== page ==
CAN_JAPAN_COMPETE

CAN_JAPAN_COMPETE - CAN JAPAN COMPETE By M Porter H...

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CAN JAPAN COMPETE? By M. Porter, H. Takeuchi, & M. Sakakibara
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In the 1970s and 1980s Japan was acknowledged to be the world’s most competitive nation. 2 explanations were offered: 1. Its distinctive form of bureaucratic capitalism, in which the government played an activist role in directing the economy; 2. The distinctive approach to management pioneered by Japanese firms, involving the now famous practices such as total quality, continual improvement, and just in time.
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Elements of the Japanese model began to be emulated in the U.S. But (according to Porter, et al .) the U.S. learned the wrong lessons from Japan about government policy. Japan’s bureaucratic capitalism explains its competitive failures much better than its successes.
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A study of the entire spectrum of Japan’s industries reveals that the government played a surprisingly small role in many of Japan’s most internationally competitive industries, in cars, VCRs, robotics, cameras, and video games. In these sectors there was little government intervention in competition, few subsidies or cartels and little cooperative research.
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But in uncompetitive sectors, such as chemicals, aircraft, software, and financial services, there was extensive government intervention, much collaborative activity, and sustained protection—in other words, IP at work. So many U.S. policymakers attempted to emulate policies that did not work in Japan, while overlooking other more subtle lessons form Japanese practice.
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Japanese firms had an even stronger influence on American firms than its example had on the American government. U.S. firms were among the first to emulate the Japanese. U.S. firms recognized the remarkable operational effectiveness of the new Japanese methods. For example, total quality became almost a religion in the USA and other practices as well. The fact that U.S. firms moved quickly to introduce these practices is one important reason why U.S. industry is now internationally so competitive.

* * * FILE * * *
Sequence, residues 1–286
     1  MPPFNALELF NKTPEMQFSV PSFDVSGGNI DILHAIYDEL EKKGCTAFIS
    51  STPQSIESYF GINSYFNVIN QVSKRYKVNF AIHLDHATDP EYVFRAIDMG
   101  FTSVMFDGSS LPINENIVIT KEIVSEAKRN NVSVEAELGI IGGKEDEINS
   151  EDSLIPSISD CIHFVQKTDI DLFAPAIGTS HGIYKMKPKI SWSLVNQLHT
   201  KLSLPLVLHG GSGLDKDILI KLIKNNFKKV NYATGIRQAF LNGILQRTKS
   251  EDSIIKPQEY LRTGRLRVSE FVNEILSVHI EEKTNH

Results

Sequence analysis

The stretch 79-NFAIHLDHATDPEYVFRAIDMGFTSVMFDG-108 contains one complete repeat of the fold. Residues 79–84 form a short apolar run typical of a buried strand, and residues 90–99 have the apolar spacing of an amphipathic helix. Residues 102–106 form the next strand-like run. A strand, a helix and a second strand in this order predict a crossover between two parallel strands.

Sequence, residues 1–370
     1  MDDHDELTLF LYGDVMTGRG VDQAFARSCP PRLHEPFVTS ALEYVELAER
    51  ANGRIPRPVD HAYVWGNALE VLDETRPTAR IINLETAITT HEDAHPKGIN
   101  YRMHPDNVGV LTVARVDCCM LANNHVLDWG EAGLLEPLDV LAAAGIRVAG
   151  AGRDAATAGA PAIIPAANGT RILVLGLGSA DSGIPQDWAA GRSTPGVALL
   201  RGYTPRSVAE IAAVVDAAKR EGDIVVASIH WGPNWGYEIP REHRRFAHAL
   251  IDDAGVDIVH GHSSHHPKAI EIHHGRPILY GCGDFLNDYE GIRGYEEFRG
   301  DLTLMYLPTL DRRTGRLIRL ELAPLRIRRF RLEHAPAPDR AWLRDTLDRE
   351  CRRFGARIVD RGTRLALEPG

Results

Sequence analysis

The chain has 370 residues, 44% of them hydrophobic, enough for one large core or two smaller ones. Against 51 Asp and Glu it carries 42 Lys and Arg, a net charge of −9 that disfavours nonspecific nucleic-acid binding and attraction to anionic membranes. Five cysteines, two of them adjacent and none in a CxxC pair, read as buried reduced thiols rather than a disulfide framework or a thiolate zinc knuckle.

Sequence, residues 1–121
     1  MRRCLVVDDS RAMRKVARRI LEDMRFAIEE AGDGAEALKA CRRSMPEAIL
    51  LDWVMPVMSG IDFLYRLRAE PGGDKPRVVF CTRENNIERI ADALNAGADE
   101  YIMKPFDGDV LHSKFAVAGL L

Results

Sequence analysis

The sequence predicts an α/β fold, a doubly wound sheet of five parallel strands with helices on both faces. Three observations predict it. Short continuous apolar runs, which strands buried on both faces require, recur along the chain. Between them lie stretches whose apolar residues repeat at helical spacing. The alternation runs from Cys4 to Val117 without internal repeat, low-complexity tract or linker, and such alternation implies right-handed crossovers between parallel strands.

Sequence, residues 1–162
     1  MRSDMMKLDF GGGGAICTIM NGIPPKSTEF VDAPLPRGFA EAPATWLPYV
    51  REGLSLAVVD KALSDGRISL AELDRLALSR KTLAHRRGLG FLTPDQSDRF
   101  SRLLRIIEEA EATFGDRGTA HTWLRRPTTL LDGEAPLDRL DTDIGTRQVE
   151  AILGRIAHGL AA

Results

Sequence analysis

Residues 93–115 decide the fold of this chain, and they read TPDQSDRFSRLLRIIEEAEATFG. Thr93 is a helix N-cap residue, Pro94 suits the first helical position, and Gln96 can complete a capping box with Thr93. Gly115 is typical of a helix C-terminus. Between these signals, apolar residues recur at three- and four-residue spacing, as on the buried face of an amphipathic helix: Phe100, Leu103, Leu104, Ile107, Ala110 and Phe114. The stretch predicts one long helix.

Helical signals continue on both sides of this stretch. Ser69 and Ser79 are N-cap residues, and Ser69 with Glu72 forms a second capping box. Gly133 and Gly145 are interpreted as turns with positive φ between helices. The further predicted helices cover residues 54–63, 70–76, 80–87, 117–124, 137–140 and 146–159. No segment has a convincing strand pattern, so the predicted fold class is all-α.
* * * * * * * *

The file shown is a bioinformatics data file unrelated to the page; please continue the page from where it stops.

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So in the areas of corporate practice, the lessons the USA learned fro Japan were correct but incomplete. Japan’s style of competition on total quality and continual improvement did lead to success in the 1970s and first part of the 1980s but at the price of chronic low profitability. Western firms then adopted the same practices and later surged ahead, capitalizing on Japan’s weaknesses in white collar productivity and IT.
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Developments in the 1990s have underscored the flaw inherent in best practices competition: it results in competitive convergence, which means all competitors in an industry imitate each other in zero-sum competition that erodes price and destroys profitability. Strategy rests on choosing a unique position by offering a
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This note was uploaded on 04/15/2008 for the course POLI 364 taught by Professor Connolly during the Spring '08 term at Gonzaga.

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CAN_JAPAN_COMPETE - CAN JAPAN COMPETE By M Porter H...

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